Health Blogs

Diseases That can be Prevented by Immunisation

‘Prevention is better than cure’ this is the age old saying we have learnt from our primary school days. There was a time when the infant and child mortality rate in India and worldwide was very high. With time vaccines came into being and we are able to give protection to our children against some common life threatening infections. With progress new vaccines are added every year. Still there are many diseases which need to be prevented and we need vaccines against them, eg:- malaria, HIV, Dengue ( though some progress has been made in this).

The vaccines which are available in India and the diseases they prevent are listed as below:

  • BCG- against Tuberculosis
  • DPT- against Diptheria, pertussis and tetanus
  • Hib- H influenza type B ( against meningitis in young babies )
  • OPV/IPV- polio
  • PCV- against pneumococcal pneumonia
  • Rotavirus vaccine- against Rotavirus diarrhoea
  • MMR- Mumps measles and Rubella
  • Varicella – chickenpox
  • Hepatitis B and Hepatitis A
  • Typhoid vaccine
  • Tetanus vaccine
  • Cervical cancer vaccine – against cancer cervix

Vaccines given in high risk conditions

  • Flu vaccine – against influenza A and H1N1
  • Meningococcal vaccine
  • Yellow fever vaccine
  • Japanese B encephalitis vaccine

Every country has its own immunisation schedule and the WHO has also recommended a schedule for all. Parents should follow the immunisation schedule as suggested by the paediatrician. Certain vaccines are recommended only under special circumstances for example in children with asthma, allergic bronchitis, immune compromised condition, etc.

Need of Immunisation

Should new age vaccines be given to children?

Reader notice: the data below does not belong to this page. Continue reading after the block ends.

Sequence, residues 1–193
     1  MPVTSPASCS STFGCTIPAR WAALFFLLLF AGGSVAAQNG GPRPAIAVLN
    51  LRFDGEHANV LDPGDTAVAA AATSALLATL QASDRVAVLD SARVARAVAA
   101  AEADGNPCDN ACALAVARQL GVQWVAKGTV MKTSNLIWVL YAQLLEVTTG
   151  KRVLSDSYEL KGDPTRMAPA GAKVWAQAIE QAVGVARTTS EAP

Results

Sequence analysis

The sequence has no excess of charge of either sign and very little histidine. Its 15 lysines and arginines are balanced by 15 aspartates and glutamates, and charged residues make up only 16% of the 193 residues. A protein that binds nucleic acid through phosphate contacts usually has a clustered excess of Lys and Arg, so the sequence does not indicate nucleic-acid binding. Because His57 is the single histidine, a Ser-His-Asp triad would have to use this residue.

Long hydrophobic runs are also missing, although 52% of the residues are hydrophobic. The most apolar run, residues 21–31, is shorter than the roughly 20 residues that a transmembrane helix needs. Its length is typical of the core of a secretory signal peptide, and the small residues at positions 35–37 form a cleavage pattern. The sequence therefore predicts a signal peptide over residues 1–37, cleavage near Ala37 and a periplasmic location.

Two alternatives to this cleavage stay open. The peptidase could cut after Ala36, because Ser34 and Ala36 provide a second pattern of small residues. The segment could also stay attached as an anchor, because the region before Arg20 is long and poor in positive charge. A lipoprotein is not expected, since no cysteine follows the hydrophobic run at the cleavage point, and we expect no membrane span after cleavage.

Please note that vaccines are usually in two ranges – narrow spectrum – that are against a few types of pathogens and broad spectrum – that is able to provide protection against a bigger range of pathogens. Depending on the situation the Government of India recommends people to opt for immunisation. Kindly follow the same. Opt for the broad range vaccines and don be scared of the side effects.

Does Immunisation Have Side Effects?

Right thing to the right person in the right dose at the right time is medicine, but the same thing to the wrong person in the wrong dose or wrong time can be poison.

Going by the law of nature anything that has good effects can have bad effects too. There is no medicine in this world that has no side effects. If someone says his medicine doesn’t have any side effects, then he is either ignorant or he is lying.

Immunisation and side effects:

If you read the literature insert of each vaccine you will see a long list of common and uncommon side effects. Similarly if you actually read the side effects of medicine as simple as paracetamol, it will be a long list. I will enumerate only the common and some uncommon side effects of vaccination. Many vaccines can cause fever and pain at the site of vaccination. Some vaccines like MMR may cause a measles like rash a few days after the vaccine has been given. Vaccines like DPT may rarely cause excessive crying and even seizures in a child. Any injection whether vaccine or antibiotic can rarely cause a serious side effect called as anaphylaxis, which needs urgent medical attention. It is hence recommended that vaccination should be given to the child in a centre which is well equipped to handle all emergencies. There is a long list of side effects of each vaccine. However not giving a vaccine poses a much greater threat. It is also very important to ensure that the vaccine is within the expiry date and was stored in the right temperature.

It is a good idea to remain vigilant. Stay safe, stay healthy.

Points to be kept in mind:

  • Please note that vaccines are introduced for public use after numerous studies and satisfactory clinical trials. Hence your child is safe to use the same.
  • An immunisation is the best way to protect your child’s future. You ae safeguarding his today and tomorrow.
  • As soon as your child is born, consult the paediatrician and get yourself sensitised with the immunisation plan.
  • Do not miss on the shots. Remember if you miss the deadlines, you are endangering your child’s life.
  • You can also refer to the local public health hospital for free vaccinations. The government provides a set free. You can also opt for a private hospital or clinic as per your convenience.
  • Please feel free to question and ask your doctor about the side effects of the vaccine. They must be ranging from fever to slight rash. However note that the effects may not be as severe.